Morocco’s Gnawa musical culture has been included on the UNESCO list of Intangible Cultural Heritage of Humanity. Dating back to at least the 16th century, Gnawa is considered as a central part of Morocco’s multifaceted culture and identity.
According to the nomination document submitted in 2018 to UNESCO by Mustapha Nami, a Moroccan senior curator of historical monuments, Gnawa refers to a “set of musical productions, fraternal practices and therapeutic rituals where the secular mixes with the sacred.”
The practices are said to be a “therapeutic ritual of possession which takes the form of all-night ceremonies of rhythms and trance combining ancestral African practices, Arab-Muslim influences and native Berber cultural performances.”
The musical culture was popularised by the Gnaoua World Music Festival in Essaouira in 1997. Before then, Gnawa brotherhoods had been little known, even marginalised. Often dressed in colourful outfits, Gnawa musicians play the guembri, a three-stringed lute, accompanied by steel castanets called the krakebs.
Gnawa came about from the country’s slave-trading past, carried over on slave ships from West Africa that docked in Mogador, now called Essaouira.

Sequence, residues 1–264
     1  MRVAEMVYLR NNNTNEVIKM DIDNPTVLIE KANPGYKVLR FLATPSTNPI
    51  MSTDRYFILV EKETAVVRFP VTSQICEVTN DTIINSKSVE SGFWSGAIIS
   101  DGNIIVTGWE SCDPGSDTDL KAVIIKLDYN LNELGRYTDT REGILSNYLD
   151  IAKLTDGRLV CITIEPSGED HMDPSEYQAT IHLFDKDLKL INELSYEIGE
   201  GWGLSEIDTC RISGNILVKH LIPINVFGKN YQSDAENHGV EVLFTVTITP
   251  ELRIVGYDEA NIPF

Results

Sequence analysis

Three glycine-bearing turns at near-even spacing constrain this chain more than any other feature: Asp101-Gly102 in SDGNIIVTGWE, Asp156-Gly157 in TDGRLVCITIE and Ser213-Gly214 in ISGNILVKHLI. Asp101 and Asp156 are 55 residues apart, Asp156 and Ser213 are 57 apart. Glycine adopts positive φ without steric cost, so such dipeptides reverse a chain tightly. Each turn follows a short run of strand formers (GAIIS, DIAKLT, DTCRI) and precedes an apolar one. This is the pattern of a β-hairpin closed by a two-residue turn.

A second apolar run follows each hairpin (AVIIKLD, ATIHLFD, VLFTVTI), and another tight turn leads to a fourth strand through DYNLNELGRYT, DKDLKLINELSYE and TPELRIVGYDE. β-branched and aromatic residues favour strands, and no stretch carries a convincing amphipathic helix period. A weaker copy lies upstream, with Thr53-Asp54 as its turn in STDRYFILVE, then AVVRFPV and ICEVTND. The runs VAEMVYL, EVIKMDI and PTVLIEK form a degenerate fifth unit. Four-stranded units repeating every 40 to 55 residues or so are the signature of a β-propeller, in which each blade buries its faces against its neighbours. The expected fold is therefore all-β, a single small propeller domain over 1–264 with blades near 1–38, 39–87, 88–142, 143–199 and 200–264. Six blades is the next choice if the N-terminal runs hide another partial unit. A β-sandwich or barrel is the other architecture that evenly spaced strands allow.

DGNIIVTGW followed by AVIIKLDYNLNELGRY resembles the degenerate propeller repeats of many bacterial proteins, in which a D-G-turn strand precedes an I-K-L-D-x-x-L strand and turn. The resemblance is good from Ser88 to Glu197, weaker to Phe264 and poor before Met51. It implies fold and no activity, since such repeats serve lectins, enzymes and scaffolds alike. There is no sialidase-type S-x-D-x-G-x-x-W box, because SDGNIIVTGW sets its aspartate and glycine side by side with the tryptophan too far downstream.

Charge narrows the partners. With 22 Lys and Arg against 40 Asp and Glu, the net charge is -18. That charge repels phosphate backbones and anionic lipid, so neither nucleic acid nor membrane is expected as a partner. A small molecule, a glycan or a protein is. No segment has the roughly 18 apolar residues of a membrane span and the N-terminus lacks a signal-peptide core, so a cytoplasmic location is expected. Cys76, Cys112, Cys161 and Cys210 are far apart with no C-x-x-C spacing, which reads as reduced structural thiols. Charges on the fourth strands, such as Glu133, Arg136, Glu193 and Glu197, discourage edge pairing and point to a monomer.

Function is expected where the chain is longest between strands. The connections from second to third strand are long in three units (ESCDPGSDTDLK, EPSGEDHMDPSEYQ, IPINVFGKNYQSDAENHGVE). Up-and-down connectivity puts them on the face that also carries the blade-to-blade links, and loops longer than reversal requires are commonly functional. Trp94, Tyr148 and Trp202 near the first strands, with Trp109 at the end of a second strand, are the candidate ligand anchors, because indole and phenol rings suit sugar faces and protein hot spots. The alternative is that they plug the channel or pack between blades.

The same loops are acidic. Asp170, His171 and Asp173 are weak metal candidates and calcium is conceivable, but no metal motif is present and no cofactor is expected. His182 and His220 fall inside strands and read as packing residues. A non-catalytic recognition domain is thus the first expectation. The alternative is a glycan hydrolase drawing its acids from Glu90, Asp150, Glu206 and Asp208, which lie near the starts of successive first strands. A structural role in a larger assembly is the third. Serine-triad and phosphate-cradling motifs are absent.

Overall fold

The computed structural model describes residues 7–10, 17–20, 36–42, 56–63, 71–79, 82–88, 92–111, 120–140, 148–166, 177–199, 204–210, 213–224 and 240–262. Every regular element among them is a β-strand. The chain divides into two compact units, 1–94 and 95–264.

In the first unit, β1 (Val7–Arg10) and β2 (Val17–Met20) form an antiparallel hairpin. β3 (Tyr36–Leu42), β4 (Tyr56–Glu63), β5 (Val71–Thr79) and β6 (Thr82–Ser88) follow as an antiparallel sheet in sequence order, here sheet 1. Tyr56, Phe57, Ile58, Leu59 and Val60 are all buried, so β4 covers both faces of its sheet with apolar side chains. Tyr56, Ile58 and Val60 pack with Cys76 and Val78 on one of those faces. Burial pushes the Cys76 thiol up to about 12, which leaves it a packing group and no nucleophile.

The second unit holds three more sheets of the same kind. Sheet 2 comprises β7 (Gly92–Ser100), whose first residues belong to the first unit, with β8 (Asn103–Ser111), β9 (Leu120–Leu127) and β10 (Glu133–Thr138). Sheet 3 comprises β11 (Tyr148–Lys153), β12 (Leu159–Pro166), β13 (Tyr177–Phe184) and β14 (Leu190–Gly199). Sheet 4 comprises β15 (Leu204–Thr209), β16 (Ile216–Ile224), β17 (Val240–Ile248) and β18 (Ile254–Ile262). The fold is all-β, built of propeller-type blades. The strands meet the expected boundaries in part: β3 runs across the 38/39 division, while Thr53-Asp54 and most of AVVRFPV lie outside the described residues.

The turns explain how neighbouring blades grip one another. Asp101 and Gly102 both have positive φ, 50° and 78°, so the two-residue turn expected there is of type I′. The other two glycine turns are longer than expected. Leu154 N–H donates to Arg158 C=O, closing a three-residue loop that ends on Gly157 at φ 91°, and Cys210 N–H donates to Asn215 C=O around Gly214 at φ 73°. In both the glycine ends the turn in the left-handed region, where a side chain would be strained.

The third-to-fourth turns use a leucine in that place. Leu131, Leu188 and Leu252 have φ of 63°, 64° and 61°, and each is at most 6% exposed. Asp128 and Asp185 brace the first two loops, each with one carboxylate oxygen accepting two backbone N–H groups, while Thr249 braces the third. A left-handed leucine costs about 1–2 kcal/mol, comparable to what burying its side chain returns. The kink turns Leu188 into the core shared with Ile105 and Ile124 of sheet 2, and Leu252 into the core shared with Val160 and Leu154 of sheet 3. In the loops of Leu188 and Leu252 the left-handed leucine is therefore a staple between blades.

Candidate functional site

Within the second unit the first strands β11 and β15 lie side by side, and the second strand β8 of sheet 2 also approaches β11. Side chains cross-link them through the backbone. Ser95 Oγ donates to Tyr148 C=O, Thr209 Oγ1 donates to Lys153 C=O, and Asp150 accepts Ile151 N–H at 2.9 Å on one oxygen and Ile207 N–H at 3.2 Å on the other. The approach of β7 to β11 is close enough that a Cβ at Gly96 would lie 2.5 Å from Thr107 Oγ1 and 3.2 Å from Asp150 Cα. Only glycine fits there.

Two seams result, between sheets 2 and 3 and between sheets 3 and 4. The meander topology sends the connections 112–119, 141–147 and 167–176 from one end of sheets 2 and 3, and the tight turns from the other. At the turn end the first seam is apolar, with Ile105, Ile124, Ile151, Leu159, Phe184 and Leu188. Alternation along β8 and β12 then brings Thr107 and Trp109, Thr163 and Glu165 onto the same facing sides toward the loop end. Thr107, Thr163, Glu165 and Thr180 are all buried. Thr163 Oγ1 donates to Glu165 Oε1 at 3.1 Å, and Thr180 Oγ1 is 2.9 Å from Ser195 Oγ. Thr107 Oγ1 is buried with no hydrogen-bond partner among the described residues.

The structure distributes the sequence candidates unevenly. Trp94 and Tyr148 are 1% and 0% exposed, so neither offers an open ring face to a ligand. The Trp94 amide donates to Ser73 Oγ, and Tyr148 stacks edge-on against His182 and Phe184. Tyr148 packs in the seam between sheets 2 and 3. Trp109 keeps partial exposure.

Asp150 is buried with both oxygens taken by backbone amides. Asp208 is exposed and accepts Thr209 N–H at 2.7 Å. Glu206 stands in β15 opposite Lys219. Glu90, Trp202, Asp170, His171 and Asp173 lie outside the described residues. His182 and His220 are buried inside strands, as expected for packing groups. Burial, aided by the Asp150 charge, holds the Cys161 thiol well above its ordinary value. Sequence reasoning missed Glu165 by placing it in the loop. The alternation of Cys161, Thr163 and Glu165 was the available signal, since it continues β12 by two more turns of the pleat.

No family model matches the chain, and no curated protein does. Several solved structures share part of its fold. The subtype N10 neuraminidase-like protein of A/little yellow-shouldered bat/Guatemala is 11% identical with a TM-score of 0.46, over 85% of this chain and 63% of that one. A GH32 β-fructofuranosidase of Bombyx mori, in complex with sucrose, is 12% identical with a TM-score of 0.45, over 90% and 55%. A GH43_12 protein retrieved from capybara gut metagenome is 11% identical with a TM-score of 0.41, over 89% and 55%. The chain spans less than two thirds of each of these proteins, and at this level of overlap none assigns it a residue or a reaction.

“This culture, recognised by major names on the world music scene, did not have the place it deserved in the Moroccan popular imagination,” Gnaoua World Music Festival founder Neila Tazi told France 24.
Tazi’s festival also highlights other unique mixes of Morocco musical styles and has featured famous Gnawa musicians fusing the genre with different styles like jazz and the blues. This was the second Gnawa submission to UNESCO. In 2014, Tazi submitted the genre to UNESCO but cited lack of government support in ensuring its success.
Morocco now boasts nine items on the Intangible Cultural Heritage list, including the Cherry Festival in Sefrou and the taskiwin martial dance of the western High Atlas.